Heart murmur – Characteristics, Types, Causes, and Consequences
Heart Murmur is an unusual sound heard on auscultation of the heart using a stethoscope.
It occurs between the usual heart sounds, filling the silent phases.
It is more or less characteristic of the disorder associated with the pathology.
These noises are produced by turbulence in the flow of blood to the heart.
The general practitioner or the cardiologist perceives it during auscultation via the stethoscope.
However, a normal heart can sometimes make noises without experiencing any malformations.
- Intensity is usually measured from 0 to 6 and from 0 to 4, depending on the classifications.
- Its timbre more or less rough, more or less rigid.
- Some heart murmurs are said to be inorganic.
- They have no relation to a cardiac abnormality and in children and young adults with thin chest walls.
Different types of heart murmur
- There are often two types of breath:
1.The systolic murmur
- Systolic murmur is perceived when the heart contracts to expel blood to the organs.
- It is, therefore, turbulence associated with the ejection of blood.
- Functional, it results from regular movements linked to its flow: it has no associated pathology.
- If it is organic, it will often be indicative of an attack on the mitral valve, connecting the left ventricle to the left atrium.
2. Diastolic murmur
- Diastolic murmur most frequently corresponds to a narrowing of the aorta.
- The aortic valves close poorly, which induces a backflow of blood towards the left ventricle.
- Before deciding on the diagnosis, the cardiologist will have to carry out additional examinations to ensure the pathology’s content.
What are the causes of a heart murmur?
- To understand the origin of the heart murmur, the doctor will perform a heart ultrasound.
- It will allow him to quantify the extent of the heart valve damage and the consequences on the heart muscle.
- If necessary, the doctor can also order other examinations, such as coronary angiography, which will allow him to visualize the coronary arteries.
- It can be functional (or innocent). That is to say, it does not result from any malformation and does not require special care or special treatment.
- In newborns and children, this heart murmur is prevalent and will most often go away during growth.
- However, it can also persist for life but never cause health problems.
In these cases of a functional heart murmur, the blood may be flowing faster than average.
- Not having enough healthy red blood cells that can carry oxygen to tissues (anemia)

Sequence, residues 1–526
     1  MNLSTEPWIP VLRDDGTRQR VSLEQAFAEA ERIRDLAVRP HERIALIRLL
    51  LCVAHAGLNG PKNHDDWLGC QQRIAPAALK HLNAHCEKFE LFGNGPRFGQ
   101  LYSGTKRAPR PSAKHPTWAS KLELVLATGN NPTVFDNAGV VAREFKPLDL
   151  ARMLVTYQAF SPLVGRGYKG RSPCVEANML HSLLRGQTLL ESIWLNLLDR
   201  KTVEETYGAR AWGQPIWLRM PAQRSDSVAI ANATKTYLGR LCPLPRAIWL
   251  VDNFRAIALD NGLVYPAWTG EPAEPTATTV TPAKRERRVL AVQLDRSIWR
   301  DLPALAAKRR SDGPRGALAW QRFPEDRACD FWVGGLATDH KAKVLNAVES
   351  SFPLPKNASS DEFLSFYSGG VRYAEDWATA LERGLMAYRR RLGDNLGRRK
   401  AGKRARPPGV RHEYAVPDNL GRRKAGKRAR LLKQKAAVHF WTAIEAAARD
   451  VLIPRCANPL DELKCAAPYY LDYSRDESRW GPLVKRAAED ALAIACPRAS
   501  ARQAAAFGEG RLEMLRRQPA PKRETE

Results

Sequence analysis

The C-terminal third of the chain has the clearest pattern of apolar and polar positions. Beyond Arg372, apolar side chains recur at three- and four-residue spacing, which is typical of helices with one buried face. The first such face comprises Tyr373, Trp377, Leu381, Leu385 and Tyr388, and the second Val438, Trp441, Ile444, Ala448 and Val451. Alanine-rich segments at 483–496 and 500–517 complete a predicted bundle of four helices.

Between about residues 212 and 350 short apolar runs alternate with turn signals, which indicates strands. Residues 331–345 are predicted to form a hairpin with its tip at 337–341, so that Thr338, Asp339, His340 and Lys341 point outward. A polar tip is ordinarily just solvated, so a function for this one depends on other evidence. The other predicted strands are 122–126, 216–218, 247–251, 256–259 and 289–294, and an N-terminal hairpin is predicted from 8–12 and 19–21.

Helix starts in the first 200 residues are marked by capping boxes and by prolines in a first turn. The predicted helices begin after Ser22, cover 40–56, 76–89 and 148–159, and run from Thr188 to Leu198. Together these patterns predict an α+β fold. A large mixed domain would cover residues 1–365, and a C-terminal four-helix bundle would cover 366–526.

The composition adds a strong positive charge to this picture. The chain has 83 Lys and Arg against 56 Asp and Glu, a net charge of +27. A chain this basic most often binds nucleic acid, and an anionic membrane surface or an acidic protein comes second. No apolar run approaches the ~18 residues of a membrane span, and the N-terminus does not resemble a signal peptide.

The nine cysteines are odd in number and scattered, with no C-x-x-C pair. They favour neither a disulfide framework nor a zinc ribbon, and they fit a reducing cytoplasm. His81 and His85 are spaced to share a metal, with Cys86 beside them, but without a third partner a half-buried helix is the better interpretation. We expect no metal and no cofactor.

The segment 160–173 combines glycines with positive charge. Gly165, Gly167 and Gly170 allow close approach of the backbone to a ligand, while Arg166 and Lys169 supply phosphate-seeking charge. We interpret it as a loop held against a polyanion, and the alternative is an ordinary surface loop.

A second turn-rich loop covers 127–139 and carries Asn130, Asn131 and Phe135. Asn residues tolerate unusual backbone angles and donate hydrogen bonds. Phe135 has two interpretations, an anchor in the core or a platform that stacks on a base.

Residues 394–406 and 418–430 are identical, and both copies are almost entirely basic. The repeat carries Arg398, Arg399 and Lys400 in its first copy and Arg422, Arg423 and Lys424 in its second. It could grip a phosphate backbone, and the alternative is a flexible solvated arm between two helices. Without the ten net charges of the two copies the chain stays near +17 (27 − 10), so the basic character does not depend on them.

- A phase of rapid growth, as is the case in adolescence
Abnormal Heart Murmur
- The heart murmur may also be abnormal.
- In children, Congenital heart disease causes an abnormal murmur.
- In adults, it is most often a problem with the heart valves.
These include the following causes:
1. Congenital heart disease
- Inter-ventricular communication (VIC), persistent ductus arteriosus, narrowing of the aorta, tetralogy of Fallot, etc.
- An abnormality of the heart valves, such as calcification (hardening or thickening) making it more difficult for blood to pass
- It is an infection of the lining of the heart that can seriously damage the heart valves
What are the consequences of a heart murmur?
- As we have seen, it can have no impact on health.
- It can also indicate a heart disorder, which can cause specific symptoms such as shortness of breath, lack of oxygenation of the blood, etc.
- When the doctor identifies it, he will perform a thorough examination to characterize the cause better.
- And also, he ensures that there are no harmful consequences.
What are the solutions for treating a heart murmur?
- Firstly, the treatment for a heart murmur is influenced by its origin. The doctor can prescribe, among other things.
- Secondly, Medications, anticoagulants, diuretics, or beta-blockers reduce heart rate and blood pressure, a surgical operation.
- Lastly, repair or replace a heart valve, closure of an abnormal opening in the heart in case of heart disease, etc.
Avoid Physical Activities
- Physical activity is not safe for patients suffering from a mild heart murmur.
- The main consequence of valve dysfunction is heart failure or poor oxygenation of the body.
- However, It can lead to syncope during aortic stenosis.
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